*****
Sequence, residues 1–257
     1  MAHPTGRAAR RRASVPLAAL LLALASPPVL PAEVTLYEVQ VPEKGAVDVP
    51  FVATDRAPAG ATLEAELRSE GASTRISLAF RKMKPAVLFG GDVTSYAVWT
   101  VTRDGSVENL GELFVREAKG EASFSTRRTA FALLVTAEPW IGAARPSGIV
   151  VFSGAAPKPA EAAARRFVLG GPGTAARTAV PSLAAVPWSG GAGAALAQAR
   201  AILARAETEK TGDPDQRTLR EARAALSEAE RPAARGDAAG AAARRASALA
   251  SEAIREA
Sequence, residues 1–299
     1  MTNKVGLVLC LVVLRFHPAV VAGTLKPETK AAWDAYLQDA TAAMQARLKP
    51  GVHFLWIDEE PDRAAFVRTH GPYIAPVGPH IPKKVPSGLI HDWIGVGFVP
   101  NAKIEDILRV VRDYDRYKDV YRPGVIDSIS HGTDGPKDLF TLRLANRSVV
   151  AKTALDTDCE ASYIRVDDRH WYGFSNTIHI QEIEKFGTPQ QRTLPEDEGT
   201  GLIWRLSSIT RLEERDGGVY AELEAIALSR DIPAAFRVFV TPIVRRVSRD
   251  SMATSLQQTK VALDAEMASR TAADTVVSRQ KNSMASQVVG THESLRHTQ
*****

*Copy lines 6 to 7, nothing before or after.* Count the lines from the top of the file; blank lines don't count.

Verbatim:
   201  AILARAETEK TGDPDQRTLR EARAALSEAE RPAARGDAAG AAARRASALA
   251  SEAIREA